A Fortune tech writer comes clean about his early take on a not-so-Obvious startup.

By Miguel Helft
September 13, 2013

FORTUNE—I was wholly uninterested in Twitter. Frankly, I thought it was dumb. It was November 2006, and I had gone to interview Ev Williams.

Already a serial entrepreneur, Williams had become something of a Silicon Valley rebel. He was speaking publicly about turning his back on venture capitalists. Bruised by the failure of his latest startup, Odeo, Williams put his money were his mouth was and did something unheard of: he dipped into his pocket to buy back Odeo from its venture investors to the tune of $2 million (Williams had sold his earlier company, Pyra Labs, to Google, for a much larger sum). Williams renamed it the Obvious Corporation and said he would use it incubate “sustainable” companies. Mostly free from investor pressures, he said such companies would be more fun and allow for more creativity.

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Williams’ rebuke of the Valley’s entrepreneurship model had made him something of a cause celebre and I wanted to write about that for The New York Times, where I worked at the time. Williams greeted me at the door of his South Park offices in San Francisco, and took me upstairs to discuss his thoughts on entrepreneurship. As we talked, he insisted on showing me Twitter, one of Obvious’ first projects. Spawned at Odeo, Twitter’s assets returned to Williams’ control when he repurchased the startup.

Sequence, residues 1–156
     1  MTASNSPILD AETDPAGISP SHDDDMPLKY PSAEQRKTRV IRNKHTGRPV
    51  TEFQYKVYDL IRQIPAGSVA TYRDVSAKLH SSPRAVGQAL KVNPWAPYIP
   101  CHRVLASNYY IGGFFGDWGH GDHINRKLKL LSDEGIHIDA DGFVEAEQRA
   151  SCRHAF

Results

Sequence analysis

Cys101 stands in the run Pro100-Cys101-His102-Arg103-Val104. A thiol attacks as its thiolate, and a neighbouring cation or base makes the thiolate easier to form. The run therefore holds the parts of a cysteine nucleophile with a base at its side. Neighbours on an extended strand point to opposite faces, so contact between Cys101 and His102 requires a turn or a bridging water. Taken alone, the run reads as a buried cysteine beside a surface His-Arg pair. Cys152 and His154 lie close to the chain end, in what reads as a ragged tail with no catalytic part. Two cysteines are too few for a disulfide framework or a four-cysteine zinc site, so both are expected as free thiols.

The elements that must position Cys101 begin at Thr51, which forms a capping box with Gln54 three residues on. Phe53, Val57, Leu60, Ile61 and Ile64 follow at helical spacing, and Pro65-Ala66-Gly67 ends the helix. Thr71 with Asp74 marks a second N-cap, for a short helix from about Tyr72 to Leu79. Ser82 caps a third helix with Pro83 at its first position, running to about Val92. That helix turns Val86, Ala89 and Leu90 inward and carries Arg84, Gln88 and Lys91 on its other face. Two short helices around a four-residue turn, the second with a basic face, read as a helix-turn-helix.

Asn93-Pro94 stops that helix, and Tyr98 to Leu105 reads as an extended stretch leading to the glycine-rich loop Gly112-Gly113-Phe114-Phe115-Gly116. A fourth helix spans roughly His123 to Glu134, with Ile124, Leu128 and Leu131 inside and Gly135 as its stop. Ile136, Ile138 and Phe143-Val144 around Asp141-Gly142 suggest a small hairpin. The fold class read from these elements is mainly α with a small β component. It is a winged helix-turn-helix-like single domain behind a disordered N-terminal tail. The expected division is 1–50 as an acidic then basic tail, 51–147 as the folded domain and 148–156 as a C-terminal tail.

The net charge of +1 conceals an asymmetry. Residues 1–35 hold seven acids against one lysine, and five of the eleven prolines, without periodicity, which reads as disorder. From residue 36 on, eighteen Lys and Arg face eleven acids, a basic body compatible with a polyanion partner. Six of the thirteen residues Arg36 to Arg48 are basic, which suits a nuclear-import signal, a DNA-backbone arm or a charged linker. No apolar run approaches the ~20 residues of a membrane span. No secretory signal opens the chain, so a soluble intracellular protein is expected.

I kept asking Williams to talk about his ideas for Obvious. He kept coming back to Twitter, which he thought had potential. He pulled out a feature phone to show me how it worked. I was unimpressed. The number of users — I believed it was in the thousands — was unimpressive, even for a service that was only a few months old. And anyway, why would anyone need a new way to communicate online?

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Williams said Twitter was perfect for the Obvious model. It was small, not mature, and only needed a handful of people. But, exactly what was it, I asked? “It’s a blogging app but it is all about quick little updates,” he said. It’s for “real time blogging,” he added. Twitter barely got a mention in my Times story, where I described it as a “blogging-like tool for quick updates.”

Williams was wrong. Twitter would need VC funding. I was far more wrong, though, and I refused to admit it for almost two years. I began tweeting in August 2008.

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